And when he saw his time, he tremblingly
With heart in dread, and with full humble cheer,
Saluted hath his sovran lady dear.

' My truth-full lady,' said this woeful man,
' Whom I most dread, and love, as best I can,
And last of all this world would I displease ;
Were't not that T for you upon my knees
Must die here at your foot, and that anon,
Nought would I tell how I am woe-begone.
But, certes, either must I die or 'plaine :
Ye slay me, guiltless, for my very pain.

322 the franklin's tale.

But for my death, though that ye have no ruth,
Advise you well, ere that you break your troth :
Pause, and repent unto the God above,
Ere you destroy my life because I love.
For, madam, call to mind what ye did plight —
Not that I challenge anything of right,
From you, my sovran lady, but of grace ;
Howbeit, in a garden near yon place,
Ye wot right well all that ye promised me ;
And in my hand your truth pledged willingly,
To love me best — God wot, but ye said so —
Although that I unworthy am thereto.
Madam, I speak it for your honour, more
Than my heart's life to save, now wounded sore :
All have I done that ye commanded me ;
And, if ye vouchsafe, ye may go and see.
Do as ye list — but bear your word in mind,
For quick or dead, you shall me surely find ;
With you it lieth to give me life, or slay —
Hut well I wot the rocks are all away !'

He taketh his leave — and she astounded stood !
In all her face was not one drop of blood !
She thought not to be caught in such a trap.


' Alas,' cried she, ' that ever this should hap !
For dreamt I never by possibility
That such a prodigy could ever be.
It is against the order'd course of nature.'
And home she slowly went, a sorrowful creature.
For very fear all trembling doth she go.

She weepeth, waileth constantly, days two,
And swooneth often, pity 'twas to see ;
But what the occasion, to no wight told she,
For, from the town Arviragus was gone.
But to herself she spake thus, all forlorn,
With a pale face, and with full sorry cheer
In her complaint, as ye shall pitying hear.

1 Alas,' cried she, * Fortune, on thee I 'plaine,
Who, unaware, hast wrapped me in thy chain,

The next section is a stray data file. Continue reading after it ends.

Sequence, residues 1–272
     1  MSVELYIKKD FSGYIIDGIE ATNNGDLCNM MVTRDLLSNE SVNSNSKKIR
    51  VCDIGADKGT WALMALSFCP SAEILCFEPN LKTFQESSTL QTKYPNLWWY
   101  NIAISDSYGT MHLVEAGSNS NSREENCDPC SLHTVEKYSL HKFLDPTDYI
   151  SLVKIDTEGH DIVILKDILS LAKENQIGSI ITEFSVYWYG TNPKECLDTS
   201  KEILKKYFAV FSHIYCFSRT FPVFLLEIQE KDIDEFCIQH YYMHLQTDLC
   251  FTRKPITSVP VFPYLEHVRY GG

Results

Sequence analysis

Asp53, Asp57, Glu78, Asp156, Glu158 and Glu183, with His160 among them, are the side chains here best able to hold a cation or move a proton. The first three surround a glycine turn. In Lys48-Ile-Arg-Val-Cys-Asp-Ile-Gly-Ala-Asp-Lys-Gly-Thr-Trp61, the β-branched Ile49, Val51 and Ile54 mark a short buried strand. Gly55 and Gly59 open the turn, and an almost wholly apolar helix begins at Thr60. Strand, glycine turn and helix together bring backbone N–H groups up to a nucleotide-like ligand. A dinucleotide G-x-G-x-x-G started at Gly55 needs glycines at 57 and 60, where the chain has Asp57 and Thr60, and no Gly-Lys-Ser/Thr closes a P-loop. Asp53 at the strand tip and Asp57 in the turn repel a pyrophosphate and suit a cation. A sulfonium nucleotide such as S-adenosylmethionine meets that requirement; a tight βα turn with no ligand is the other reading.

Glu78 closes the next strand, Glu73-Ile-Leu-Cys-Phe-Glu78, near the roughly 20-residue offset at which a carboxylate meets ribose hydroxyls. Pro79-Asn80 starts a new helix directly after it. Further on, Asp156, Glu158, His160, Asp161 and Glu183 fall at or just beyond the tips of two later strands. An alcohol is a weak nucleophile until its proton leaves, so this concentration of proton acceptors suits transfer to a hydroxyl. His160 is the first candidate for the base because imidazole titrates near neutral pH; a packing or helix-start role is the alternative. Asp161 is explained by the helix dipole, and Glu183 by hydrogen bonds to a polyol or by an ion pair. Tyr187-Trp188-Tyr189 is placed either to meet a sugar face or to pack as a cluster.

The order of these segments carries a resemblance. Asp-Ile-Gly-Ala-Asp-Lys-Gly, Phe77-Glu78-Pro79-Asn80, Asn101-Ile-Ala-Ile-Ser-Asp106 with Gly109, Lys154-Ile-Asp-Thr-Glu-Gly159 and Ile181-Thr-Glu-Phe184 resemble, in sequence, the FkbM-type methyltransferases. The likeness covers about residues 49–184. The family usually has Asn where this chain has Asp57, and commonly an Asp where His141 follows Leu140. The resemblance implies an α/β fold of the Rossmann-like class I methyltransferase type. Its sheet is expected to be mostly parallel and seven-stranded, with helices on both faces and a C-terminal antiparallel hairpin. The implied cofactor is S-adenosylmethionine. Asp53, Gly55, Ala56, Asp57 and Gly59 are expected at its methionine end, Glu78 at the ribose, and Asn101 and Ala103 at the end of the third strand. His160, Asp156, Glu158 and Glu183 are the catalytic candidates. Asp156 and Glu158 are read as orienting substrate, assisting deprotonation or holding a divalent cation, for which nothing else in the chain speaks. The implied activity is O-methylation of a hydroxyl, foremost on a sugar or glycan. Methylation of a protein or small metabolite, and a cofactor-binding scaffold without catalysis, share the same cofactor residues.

From which to 'scape no succour can I see,
Save but to die, or else dishonour'd be.
One of these two behoveth me to choose ;
But ne'ertheless far rather would I lose
My life, than give my nature up to shame,
Or know myself all false, or blot my name :
So shall my death absolve me from my vow.
Hath there not many a noble wife, ere now
y 2

324 the franklin's tale.

And many a maiden, slain herself, alas !
Rather than let dishonour o'er her pass.
Yes, truly : lo ! their stories witness bear.
Why then of death should I have any fear ? '

Thus Dorigen complained unceasingly,
Purposing evermore that she would die,
But lingering on, till the third night was come :
Arviragus, the worthy knight, came home,
And questioned her why thus she wept so sore ?
And she again fell weeping ever the more.

1 Alas !' said she, ' that ever I was born !
Thus have I said,' (quoth she,) 'thus have I sworn ■
And told him all, as ye have heard before ;
There needeth not I should rehearse it more.

The husband, with glad cheer in friendly wise,
Atiswer'd and said, as I shall you apprise.
' Is there aught else, then, Dorigen, but this?'
1 Nay, nay,' cried she, ' so heaven me help, I wis
'Tis far too much, though it were God his will.'

' Sweet wife,' said he, ' let sleep what now is still
All may be well, perhaps, to-day,' he saith.


' But ye shall hold your truth, by my good faith ;

For God so wisely mercy have on me,

I had far rather stabbed and ended be,

For very love that I unto you have,

Than you your truth should fail to keep and save.

Truth is the highest thing that man may keep.'

And with that word he suddenly 'gan weep ;

And said, ' I you forbid, on pain of death,

Ever, while with you lasteth life or breath,

To tell of this mishap to any man.

My woe I will endure as best I can ;

And show no face of doubt or heaviness,

That folk of you may deem amiss, or guess.'

And now he call'd a squire, and eke a maid :

' Go forth anon, with Dorigen,' he said.

They bring her presently unto the place,
And take their leave ; and then their way retrace ;